New 1976 Owner with Limited Skills

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Thanks...would this be what I need?
"1976 Passenger Car Shop Manual Set"
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On Fri, 7 Dec 2007 07:04:45 -0800 (PST), 1976VetteGuy

it would appear so. Thats what I see when I go to the site and run the lookup. I've bought some manauals from them in the past but they were for newer model vehicles.
I would get the GM shop manual from Helms, and it might be worth you while to do some searches on Ebay for corvetter specific GM shop manauals.
The GM shop manual would certainly be very helpful. They are not hard to use and are very well written and illustrated fairly well. Take it from me, some of the other manuals are just plain garbage.
I believe you can subscribe to Alldata and maybe other sources for shop manuals "on-line" but that might get a little expensive for a @home mechanic.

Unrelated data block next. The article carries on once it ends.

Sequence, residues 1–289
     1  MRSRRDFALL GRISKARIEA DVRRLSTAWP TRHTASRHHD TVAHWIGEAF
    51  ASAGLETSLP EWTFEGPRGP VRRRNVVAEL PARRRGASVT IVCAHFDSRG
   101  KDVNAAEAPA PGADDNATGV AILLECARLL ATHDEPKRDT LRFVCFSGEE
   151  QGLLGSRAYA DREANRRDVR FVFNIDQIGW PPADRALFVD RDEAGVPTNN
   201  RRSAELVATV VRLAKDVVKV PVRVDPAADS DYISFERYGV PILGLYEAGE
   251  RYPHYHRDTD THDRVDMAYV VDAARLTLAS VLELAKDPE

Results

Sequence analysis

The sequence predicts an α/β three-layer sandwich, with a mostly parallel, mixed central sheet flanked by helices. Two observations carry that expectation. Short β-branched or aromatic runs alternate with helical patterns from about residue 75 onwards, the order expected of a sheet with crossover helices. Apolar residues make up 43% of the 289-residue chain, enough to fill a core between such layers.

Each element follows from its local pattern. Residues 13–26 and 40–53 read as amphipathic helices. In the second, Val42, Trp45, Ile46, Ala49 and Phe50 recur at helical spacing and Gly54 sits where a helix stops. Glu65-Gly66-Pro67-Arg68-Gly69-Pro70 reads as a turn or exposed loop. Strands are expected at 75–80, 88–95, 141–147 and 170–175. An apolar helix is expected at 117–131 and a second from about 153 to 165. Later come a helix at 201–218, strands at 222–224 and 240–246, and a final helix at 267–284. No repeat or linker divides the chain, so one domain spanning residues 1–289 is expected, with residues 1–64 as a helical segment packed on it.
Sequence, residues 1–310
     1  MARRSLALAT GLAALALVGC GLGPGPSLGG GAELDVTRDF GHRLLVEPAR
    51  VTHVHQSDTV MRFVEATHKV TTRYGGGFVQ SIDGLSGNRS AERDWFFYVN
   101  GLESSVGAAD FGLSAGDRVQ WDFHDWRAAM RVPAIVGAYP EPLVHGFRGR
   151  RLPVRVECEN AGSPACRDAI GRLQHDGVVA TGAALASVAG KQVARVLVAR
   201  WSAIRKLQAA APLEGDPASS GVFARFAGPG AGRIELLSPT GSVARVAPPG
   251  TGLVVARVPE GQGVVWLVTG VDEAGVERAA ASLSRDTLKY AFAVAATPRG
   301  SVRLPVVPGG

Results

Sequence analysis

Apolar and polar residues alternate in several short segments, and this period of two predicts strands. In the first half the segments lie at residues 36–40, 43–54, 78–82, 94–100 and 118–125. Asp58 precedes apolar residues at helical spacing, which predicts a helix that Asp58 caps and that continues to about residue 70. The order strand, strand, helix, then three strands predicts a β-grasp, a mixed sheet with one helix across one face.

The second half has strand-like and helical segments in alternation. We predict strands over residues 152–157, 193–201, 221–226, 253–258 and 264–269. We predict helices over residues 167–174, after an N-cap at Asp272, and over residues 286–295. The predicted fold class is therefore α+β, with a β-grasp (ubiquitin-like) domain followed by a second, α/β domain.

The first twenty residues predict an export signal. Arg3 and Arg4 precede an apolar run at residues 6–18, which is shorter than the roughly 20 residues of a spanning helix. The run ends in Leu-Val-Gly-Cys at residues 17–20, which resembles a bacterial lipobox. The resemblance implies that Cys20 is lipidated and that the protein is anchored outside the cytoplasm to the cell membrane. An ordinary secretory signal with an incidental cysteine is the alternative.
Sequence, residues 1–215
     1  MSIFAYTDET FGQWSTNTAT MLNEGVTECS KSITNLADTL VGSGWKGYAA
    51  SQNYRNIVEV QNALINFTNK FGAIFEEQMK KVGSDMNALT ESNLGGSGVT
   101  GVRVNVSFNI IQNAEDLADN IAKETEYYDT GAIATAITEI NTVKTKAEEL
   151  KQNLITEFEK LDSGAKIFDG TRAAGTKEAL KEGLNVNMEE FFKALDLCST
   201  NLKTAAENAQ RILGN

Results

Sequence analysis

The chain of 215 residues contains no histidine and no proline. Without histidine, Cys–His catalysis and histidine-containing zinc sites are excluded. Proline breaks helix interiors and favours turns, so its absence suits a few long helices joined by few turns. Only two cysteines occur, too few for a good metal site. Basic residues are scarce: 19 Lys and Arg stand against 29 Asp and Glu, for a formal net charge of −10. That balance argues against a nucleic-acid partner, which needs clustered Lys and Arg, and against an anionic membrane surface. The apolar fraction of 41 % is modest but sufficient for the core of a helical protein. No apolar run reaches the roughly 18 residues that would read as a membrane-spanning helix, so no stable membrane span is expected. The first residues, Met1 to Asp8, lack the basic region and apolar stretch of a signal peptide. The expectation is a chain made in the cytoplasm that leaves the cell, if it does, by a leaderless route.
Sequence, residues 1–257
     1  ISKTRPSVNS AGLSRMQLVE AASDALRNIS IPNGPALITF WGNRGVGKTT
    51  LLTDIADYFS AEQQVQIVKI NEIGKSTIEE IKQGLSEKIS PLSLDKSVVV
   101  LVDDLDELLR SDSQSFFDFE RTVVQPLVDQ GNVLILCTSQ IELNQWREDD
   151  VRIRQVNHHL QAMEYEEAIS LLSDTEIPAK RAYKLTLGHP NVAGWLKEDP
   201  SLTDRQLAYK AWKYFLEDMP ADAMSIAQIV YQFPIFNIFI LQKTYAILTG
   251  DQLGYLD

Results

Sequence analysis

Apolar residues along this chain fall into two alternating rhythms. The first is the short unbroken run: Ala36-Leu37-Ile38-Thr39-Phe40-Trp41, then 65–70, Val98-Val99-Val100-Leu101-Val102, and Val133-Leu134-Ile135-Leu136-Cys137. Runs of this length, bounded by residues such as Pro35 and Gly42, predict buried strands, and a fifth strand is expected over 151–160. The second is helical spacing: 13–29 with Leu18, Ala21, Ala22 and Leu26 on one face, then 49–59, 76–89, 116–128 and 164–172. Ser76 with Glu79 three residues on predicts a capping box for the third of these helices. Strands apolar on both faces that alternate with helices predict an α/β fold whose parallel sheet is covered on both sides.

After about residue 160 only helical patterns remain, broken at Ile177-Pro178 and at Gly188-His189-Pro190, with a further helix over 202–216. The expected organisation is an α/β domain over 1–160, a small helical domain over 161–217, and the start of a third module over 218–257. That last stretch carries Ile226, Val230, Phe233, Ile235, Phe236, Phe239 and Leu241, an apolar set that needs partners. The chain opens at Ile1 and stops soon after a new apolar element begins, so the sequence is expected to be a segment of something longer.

Any GM vehicle I own or want to know more about in regard to repairs....the GM shop manual is the best source for information. ----------- Elbert snipped-for-privacy@me.com
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1976VetteGuy wrote:

Yes. P/N ST32976K $ 75 from Helm (probably a Xerox copy of the original.) Includes several other Chevrolet models.
I'd not throw stones at adding a Chilton or Haynes to your library shelf after you get the factory manual. Sometimes those books will have a shortcut that may be helpful to someone who hasn't been through formal factory training or isn't too experienced. Sometimes Haynes will have a procedure that avoids use of a special tool.
Example: On the C4, the factory manual procedure for removing the fuel pump is an involved project. The Haynes manual makes the job easier and quicker.
-- pj